A man who may have passed the AIDS virus to his 5-year-old son by sodomizing the boy may face charges connected with the child's apparently AIDS-related death, authorities said Monday.
Michael Henderson Sr. was scheduled to appear in court Thursday in Vista for a preliminary hearing on charges of child molestation in the alleged sexual assault of his son, Michael Jr.
But those charges could change in the wake of the boy's death Sunday at Children's Hospital in Los Angeles, where he was being treated for AIDS, San Diego County Deputy Dist. Atty. Harry Elias said.
Elias said prosecutors were awaiting autopsy results before proceeding with the case. "The autopsy tells you what the exact cause of death is," he said. "You cannot charge somebody until you have that."
Henderson tested positive for the HIV virus in the mid-1980s while serving in the Marine Corps in the Philippines, detective Howard Beardsley of the Los Angeles Police Department said.
After he received the test results, Henderson was given a general medical discharge and returned to live with his wife and two children near Camp Pendleton, said Beardsley, who initially investigated the case.
Henderson "said he contracted the HIV virus four months after having a sexual encounter with another man in the Philippines," Beardsley said. But "the Marines apparently sent him home and gave him a medical discharge because he was having seizures, not because he tested positive for the HIV virus."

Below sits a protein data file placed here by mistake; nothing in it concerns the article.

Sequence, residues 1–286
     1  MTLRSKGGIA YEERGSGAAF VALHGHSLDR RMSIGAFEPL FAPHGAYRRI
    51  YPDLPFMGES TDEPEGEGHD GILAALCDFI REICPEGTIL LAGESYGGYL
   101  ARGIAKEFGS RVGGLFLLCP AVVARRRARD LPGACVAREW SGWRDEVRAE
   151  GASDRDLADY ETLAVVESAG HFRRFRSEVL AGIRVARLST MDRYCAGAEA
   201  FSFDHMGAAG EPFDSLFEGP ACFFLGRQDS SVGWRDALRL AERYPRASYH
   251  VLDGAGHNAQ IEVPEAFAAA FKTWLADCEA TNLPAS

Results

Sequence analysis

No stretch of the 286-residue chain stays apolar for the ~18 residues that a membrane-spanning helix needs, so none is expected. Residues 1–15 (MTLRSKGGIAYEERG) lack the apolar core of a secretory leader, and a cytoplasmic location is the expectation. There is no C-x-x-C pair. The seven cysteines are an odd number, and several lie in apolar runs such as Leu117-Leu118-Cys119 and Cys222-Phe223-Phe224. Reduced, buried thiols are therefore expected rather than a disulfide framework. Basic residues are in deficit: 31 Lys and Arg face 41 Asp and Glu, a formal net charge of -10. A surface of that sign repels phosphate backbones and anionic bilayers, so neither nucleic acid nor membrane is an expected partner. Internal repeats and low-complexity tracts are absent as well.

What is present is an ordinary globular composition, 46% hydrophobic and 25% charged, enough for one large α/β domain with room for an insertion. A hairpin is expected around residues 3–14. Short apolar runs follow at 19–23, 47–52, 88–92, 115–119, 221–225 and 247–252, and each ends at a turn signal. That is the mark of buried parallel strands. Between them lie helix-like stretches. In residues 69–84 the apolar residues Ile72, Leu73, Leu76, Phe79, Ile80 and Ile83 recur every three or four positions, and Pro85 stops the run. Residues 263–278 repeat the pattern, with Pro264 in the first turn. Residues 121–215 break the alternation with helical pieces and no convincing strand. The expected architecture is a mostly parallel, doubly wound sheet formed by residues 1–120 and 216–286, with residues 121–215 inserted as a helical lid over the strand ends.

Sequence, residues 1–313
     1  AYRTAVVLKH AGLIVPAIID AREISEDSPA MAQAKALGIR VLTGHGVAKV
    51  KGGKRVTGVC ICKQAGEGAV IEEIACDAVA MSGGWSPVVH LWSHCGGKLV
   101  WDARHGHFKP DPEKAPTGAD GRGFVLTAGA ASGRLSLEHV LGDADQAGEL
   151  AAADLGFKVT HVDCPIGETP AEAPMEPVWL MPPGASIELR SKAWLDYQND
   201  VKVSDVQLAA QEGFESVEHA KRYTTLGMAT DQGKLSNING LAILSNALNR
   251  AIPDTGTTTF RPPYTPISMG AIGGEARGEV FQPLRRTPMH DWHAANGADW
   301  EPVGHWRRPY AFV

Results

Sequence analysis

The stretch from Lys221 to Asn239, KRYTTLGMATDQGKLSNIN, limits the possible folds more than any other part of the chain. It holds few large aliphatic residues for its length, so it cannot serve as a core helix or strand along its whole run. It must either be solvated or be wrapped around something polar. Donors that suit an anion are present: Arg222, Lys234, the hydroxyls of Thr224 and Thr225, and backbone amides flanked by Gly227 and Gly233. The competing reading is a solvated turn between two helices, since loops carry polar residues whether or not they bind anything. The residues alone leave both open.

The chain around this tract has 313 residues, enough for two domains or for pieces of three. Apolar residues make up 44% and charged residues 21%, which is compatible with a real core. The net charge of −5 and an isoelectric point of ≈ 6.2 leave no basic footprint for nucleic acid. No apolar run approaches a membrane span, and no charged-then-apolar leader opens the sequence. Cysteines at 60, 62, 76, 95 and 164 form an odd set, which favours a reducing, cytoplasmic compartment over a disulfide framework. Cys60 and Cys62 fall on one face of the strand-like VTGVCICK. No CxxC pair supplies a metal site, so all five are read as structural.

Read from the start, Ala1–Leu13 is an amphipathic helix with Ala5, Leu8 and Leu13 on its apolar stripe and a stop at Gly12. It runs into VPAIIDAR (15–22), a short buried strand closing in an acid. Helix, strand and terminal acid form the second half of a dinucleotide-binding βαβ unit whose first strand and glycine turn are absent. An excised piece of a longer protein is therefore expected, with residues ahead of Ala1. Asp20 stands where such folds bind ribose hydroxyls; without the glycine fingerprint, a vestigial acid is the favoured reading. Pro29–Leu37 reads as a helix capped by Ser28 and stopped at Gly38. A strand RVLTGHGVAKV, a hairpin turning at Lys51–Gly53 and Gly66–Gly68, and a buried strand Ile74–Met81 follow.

Michael Henderson was diagnosed with AIDS last year, after a prolonged and unexplained illness.
The boy told authorities in Los Angeles he had been sodomized by his father while the family was living in Oceanside, Beardsley said.
Karen Rosen, the San Diego prosecutor handling the case, said the boy also repeated the allegation to officials in San Diego County.
"Through statements made by the child, we believe that the (sodomy) occurred between October 1987 and October 1988," she said.
Henderson has denied his son's allegations. He was arrested and jailed in San Diego County in June but was released when prosecutors were forced to postpone his preliminary hearing, Rosen said.
"We couldn't go forward with the case because of the child's health--we were risking dismissal," she said. "Henderson agreed to a continuance if we released him on his own recognizance and he has showed up for subsequent hearings."
Thursday's hearing is likely to be postponed because it could interfere with plans for the child's funeral, she said.